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The K7RA Solar Update

Tad Cook, K7RA, Seattle, reports: An extended lull in solar activity persists. The smoothed sunspot minimum occurred last December, but the flurry of moderate sunspot activity in August has not continued.

An event to look forward to is the autumnal equinox, which occurs at 1330 UTC on Tuesday, September 22. We should see a seasonal improvement in HF propagation around that date because the northern and southern hemispheres are bathed in roughly equal solar radiation, enhancing north-south propagation.

Thursday, September 10 was the 20th consecutive day with no sunspots, but Spaceweather.com reported a small sunspot with a Cycle 25 magnetic signature may be forming in the sun’s southeastern quadrant. As of Thursday night it was still too small to merit numbering.

Average daily solar flux barely budged from 69.6 to 69.7. Geomagnetic indicators were very quiet, with average daily planetary A index declining from 13.1 to 4.4. As with last week’s forecast, predicted solar flux is 70 on every day over the next 45 days, September 11 – October 25.

Predicted planetary A index is 5 on September 11 – 17; 8 on September 18 – 19; 5 on September 20 – 22; 8, 10, and 15 on September 23 – 25; 10, 25, 15, and 10 on September 26 – 29; 5 on September 30; 8 on October 1; 5 on October 2 – 14; 8 on October 15 – 16; 5 on October 17 – 19, and 8, 10, 15, 10 and 25 on October 20 – 25.

F.K. Kanda, OK1HH, in the Czech Republic has shared geomagnetic activity forecast for September – October 6.

The geomagnetic field will be:

quiet on September 11 – 13, 16 – 17, 20 – 21

quiet to unsettled on September 14, 22 – 25, 29, October 1 – 2

quiet to active on September 15, 18 – 19, 26 – 27, (October 5 – 6)

unsettled to active (September 28 – 30; October 3 – 4)

active to disturbed not expected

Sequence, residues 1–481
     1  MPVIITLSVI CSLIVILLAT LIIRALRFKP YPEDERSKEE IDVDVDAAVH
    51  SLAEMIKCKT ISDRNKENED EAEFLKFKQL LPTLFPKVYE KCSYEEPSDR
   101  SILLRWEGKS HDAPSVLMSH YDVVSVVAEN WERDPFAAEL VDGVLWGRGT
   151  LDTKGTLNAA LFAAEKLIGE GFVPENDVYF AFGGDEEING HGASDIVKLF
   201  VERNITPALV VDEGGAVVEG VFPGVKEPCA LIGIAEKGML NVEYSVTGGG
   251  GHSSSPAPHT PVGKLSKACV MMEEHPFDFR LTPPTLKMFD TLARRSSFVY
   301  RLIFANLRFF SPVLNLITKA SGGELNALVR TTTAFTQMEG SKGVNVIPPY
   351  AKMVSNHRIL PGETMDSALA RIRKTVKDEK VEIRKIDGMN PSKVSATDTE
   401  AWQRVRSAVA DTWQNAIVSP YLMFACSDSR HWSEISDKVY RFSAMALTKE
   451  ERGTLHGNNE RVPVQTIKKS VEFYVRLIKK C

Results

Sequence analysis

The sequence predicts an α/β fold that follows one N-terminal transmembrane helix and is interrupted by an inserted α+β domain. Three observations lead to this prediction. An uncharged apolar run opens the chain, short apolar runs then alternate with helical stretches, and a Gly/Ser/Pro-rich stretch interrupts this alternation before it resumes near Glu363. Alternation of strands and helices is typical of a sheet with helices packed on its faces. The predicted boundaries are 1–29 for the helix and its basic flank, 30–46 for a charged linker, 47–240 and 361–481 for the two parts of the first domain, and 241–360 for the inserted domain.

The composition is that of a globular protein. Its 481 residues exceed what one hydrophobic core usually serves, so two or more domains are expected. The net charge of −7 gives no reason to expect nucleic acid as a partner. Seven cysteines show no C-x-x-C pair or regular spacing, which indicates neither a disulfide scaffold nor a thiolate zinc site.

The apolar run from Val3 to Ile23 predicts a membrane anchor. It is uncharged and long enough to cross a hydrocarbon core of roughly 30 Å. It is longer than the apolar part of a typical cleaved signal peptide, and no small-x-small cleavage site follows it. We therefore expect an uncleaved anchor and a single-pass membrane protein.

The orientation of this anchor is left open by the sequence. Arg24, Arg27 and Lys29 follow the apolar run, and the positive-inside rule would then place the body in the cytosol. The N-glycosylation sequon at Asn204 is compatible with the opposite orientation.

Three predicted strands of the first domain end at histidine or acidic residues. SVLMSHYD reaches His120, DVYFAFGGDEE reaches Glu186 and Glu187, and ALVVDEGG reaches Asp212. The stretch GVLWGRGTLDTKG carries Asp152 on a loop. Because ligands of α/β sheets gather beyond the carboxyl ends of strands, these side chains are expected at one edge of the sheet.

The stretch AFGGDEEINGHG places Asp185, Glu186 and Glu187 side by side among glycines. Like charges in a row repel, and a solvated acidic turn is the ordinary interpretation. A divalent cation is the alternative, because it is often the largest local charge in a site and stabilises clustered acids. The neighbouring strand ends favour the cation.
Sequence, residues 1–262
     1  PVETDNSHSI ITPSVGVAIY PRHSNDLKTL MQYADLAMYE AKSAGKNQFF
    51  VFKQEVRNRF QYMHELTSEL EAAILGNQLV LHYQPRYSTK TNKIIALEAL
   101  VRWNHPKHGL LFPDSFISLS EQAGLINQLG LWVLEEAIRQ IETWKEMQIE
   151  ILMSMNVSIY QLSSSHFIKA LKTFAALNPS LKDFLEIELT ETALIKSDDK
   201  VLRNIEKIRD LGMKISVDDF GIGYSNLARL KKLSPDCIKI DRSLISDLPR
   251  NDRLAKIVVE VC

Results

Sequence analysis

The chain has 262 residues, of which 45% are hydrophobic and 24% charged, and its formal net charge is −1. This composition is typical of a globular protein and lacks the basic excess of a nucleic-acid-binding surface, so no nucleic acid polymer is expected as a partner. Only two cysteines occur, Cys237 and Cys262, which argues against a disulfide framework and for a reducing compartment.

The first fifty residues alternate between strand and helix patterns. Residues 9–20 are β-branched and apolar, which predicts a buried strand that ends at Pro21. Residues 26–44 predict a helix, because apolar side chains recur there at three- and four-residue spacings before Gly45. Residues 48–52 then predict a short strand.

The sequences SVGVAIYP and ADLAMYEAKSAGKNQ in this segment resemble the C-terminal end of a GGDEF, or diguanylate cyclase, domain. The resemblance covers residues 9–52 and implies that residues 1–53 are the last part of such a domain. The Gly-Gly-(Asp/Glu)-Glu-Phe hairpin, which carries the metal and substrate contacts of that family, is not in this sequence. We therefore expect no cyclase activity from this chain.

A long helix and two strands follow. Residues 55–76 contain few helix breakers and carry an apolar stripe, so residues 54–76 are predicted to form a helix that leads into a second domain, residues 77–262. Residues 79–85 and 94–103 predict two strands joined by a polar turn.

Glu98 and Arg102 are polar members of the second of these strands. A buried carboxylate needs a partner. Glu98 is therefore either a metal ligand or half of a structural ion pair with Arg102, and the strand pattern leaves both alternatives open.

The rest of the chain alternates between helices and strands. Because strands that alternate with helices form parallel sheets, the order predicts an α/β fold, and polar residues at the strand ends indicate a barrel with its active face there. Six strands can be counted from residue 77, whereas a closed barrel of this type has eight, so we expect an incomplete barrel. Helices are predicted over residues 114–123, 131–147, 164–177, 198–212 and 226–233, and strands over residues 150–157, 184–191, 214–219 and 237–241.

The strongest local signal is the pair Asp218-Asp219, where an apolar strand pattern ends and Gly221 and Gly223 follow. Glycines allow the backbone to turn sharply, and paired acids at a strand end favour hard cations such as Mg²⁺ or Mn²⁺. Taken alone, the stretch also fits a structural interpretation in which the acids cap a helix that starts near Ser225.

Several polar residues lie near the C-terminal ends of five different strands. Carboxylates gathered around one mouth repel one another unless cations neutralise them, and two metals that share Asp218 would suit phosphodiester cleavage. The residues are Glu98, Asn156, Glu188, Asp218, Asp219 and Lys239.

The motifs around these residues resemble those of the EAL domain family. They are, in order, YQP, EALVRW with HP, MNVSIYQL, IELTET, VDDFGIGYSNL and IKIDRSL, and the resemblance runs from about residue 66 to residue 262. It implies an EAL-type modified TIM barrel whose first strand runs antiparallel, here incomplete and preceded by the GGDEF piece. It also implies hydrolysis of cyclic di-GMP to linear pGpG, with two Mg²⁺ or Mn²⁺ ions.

Solar wind will intensify on September (15, 19,) 22 – 23, (October 3 – 4)

Note: Parentheses mean lower probability of activity enhancement.

Frank Donovan, W3LPL shared this on September 6:

“Exactly 3 years ago, on September 6, 2017, the sun ejected the strongest solar flare and earth-directed coronal mass ejection (CME) of Solar Cycle 24. Solar region 2673 produced four X-class solar flares, including a massive X-class solar flare of magnitude 9.3, from 1153 to 1210 UTC.

Just over 8 minutes later, powerful hard X-rays from the flare increased D-layer ionization by several orders of magnitude, completely blacking out HF skywave propagation on the daylight side of Earth for about an hour — an event called a “sudden ionospheric disturbance” (SID).

Solar flares are commonly followed by CMEs. Solar region 2673 ejected powerful Earth-directed CMEs on September 6, 2017, causing visible aurora on September 7 and 8, and a severe geomagnetic storm the planetary Kp index reached magnitude 8 on September 8.

See the SpaceWeatherLive.com YouTube presentation.

The strongest solar flare measured in modern times was an X28 flare on October 28, 2003, which blacked out HF skywave propagation on the sunlit side of Earth for several hours. Extremely powerful CMEs on October 28 and 29 caused severe geomagnetic storms on October 29, 30, and 31, and the Kp index reached magnitude 9 on all 3 days.

A 3-hour video from WX6SWW! Coronal Holes and Sources of the Solar Wind — Part 2.

Sunspot numbers for September 3 – 9 were 0, 0, 0, 0, 0, 0, and 0, for a mean of 0. The 10.7-centimeter flux was 70, 69.7, 69.2, 69.5, 70.2, 69.9, and 69.7, with a mean of 69.7. Estimated planetary A indices were 4, 8, 6, 4, 4, 4, and 1, with a mean of 4.4. Middle latitude A index was 3, 9, 7, 5, 5, 4, and 1 with a mean of 4.9.

For more information concerning radio propagation, visit the ARRL Technical Information Service, read “What the Numbers Mean…,” and check out K9LA’s Propagation Page.

A propagation bulletin archive is available. Monthly charts are no longer be updated on this page. For customizable propagation charts, visit the VOACAP Online for Ham Radio website.

Instructions for starting or ending email distribution of ARRL bulletins are on the ARRL website.

Share your reports and observations. (arrl.org)

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